The Kenya Space Agency (KSA) and Mount Kenya Wildlife Conservancy (MKWC) on Tuesday announced a collaboration, marked by the signing of a Memorandum of Understanding (MoU) in geospatial technologies for biodiversity conservation.
Focused on the critically endangered Mountain Bongo and its habitat on Mount Kenya, the five-year partnership aims to leverage space technology for real-time monitoring, community engagement, and sustainable land management.
The Mountain Bongo, which is native to Kenya and is listed as “Critically Endangered” by the International Union for Conservation of Nature (IUCN), is on the verge of extinction, with less than 100 individuals remaining in the wild.
“The collaboration’s primary goal is to restore the severely endangered Mountain Bongo population and its habitat, Mount Kenya, with a secondary goal of encouraging community involvement in the conservation of the ecosystem, which also houses an important water tower,” the two agencies said in a statement
The agreement involves mutual investments in the development of skills, expertise, competence, experience, and ecological monitoring techniques to aid in ecosystem protection.
“This partnership heralds an exciting era of technology-infused conservation and will also go a long way in facilitating the local communities to witness how space science can be used to improve their immediate environment. The collaboration identifies conservation education as a key intervention and will seek to create opportunities to inspire the young people into futuristic conservation,” they added
In the deal, MKWC will have a dedicated setup to demonstrate the use of space technology in animal and habitat conservation.
Brig. Hillary Kipkosgey, Acting Director General of Kenya Space Agency, stated;, “This MoU signifies a commitment between KSA and MKWC to collaborate in using space technologies in managing and conserving our wildlife as part of our national heritage and a natural resource that serves as a great tourist attraction to our country.”
The collaboration also places an emphasis on education, with KSA’s Space Clubs and MKWC’s Education program collaborating to inspire and educate young people about cutting- edge space technology and conservation. The MoU facilitates collaboration in assessing land use changes, deforestation, and soil degradation, providing crucial data for shaping sustainable land management strategies.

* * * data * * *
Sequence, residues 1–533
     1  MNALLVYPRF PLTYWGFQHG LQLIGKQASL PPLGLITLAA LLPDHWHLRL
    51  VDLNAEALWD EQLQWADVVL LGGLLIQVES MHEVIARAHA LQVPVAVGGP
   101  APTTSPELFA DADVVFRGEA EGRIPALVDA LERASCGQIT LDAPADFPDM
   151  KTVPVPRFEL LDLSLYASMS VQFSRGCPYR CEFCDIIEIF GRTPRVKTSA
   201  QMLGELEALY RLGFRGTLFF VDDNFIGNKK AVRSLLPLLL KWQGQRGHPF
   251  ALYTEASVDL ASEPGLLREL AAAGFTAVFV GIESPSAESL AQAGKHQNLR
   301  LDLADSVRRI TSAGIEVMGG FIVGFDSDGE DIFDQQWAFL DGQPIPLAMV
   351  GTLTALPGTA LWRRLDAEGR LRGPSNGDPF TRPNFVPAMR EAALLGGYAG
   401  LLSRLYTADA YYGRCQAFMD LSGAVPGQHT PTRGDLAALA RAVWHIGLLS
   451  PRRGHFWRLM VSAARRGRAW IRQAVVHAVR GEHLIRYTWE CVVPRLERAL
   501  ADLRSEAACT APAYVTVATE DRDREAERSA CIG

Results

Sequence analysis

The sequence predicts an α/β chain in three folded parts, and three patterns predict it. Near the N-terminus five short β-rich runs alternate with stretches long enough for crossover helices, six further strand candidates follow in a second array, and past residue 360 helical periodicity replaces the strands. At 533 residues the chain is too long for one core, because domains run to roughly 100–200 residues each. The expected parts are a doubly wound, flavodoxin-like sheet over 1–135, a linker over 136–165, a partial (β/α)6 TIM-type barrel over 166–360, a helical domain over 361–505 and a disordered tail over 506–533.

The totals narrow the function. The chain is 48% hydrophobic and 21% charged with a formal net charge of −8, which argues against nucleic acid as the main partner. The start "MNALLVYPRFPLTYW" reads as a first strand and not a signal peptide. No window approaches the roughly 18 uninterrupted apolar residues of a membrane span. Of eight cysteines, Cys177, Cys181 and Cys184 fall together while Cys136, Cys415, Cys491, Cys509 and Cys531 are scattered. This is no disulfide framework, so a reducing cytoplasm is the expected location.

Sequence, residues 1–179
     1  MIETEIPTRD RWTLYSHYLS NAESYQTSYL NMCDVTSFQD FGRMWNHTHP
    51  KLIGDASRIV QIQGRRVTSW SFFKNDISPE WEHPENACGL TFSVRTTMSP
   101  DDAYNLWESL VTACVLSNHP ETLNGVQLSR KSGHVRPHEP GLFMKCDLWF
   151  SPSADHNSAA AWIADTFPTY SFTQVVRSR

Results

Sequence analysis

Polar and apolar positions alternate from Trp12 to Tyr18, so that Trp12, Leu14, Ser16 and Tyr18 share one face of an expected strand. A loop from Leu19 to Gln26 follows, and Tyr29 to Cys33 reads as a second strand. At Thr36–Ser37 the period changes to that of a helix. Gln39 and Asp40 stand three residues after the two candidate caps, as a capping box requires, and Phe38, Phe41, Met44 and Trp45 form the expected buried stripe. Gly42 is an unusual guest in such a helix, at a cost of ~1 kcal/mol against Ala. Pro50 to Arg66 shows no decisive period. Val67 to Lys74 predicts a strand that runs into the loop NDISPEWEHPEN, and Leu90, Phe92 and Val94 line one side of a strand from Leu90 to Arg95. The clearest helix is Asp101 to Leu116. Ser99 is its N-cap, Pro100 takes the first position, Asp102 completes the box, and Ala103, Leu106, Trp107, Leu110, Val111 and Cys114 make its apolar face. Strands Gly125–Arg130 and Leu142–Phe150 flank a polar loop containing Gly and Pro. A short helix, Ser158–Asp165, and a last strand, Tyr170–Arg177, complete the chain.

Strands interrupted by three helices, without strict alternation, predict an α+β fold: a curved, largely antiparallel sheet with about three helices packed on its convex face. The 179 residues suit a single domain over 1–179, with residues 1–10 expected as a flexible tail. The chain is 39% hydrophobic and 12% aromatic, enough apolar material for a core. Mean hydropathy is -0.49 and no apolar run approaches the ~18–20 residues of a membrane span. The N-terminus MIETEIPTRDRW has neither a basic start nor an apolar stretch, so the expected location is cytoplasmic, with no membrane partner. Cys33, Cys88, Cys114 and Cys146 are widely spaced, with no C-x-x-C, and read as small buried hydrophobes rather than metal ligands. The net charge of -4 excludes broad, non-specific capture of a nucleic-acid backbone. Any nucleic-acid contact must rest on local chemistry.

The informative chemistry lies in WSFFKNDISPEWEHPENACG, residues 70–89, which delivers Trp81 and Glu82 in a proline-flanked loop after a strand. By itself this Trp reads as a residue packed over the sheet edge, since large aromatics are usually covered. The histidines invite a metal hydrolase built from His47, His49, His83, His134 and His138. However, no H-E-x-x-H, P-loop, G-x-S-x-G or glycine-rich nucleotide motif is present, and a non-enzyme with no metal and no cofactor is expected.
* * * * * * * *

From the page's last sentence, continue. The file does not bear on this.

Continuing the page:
“We are excited and proud to be utilizing space technology and earth observation data through the partnership with Kenya Space Agency. This collaboration will take us to the next level in understanding the Mountain Bongo’s habitats and behaviours, using space technology to provide real-time monitoring capabilities and valuable data to inform our conservation strategies.” said Dr. Robert Aruho, Head of Mount Kenya Wildlife Conservancy
The partnership aligns with global practices where geospatial technologies have successfully been employed in wildlife conservation. Both KSA and MKWC are optimistic that this fusion of space technology and conservation efforts will make a profound impact on preserving the critically endangered Mountain Bongo and enhancing Kenya’s biodiversity.
As the world focuses on global solutions and climate action this week at COP28 this partnership demonstrates commitment by KSA and MKWC to contribute towards the 1.5° C target for limiting global warming to reduce the harmful effects of climate change and reduction of harmful emissions by 1/3 through ecosystem restoration.
In April this year, the Kenya Space Agency (KSA) launched Taifa-1 Sat, Kenya’s first operational 3U Earth Observation satellite to provide precise and timely earth observation satellite data to stakeholders for decision support in natural resources management (including wildlife conservation), disaster management, and environmental monitoring, among other applications.
MKWC works closely with the Kenya Wildlife Service (KWS) and Kenya Forest Services (KFS) in managing the 776-acre Mawingu Mountain Bongo Sanctuary.
The Conservancy supports its purpose through the ongoing breeding and rewilding of the critically endangered mountain bongo; providing expert care for orphaned, injured, and abandoned animals at the conservancy’s Animal Orphanage; and instilling a passion for conservation among youth through community education programs.
The Mount Kenya Wildlife Conservancy is in Nanyuki, at the foot of Mount Kenya. It is home to 28 different animal species, and a population of roughly 1,200 different animals.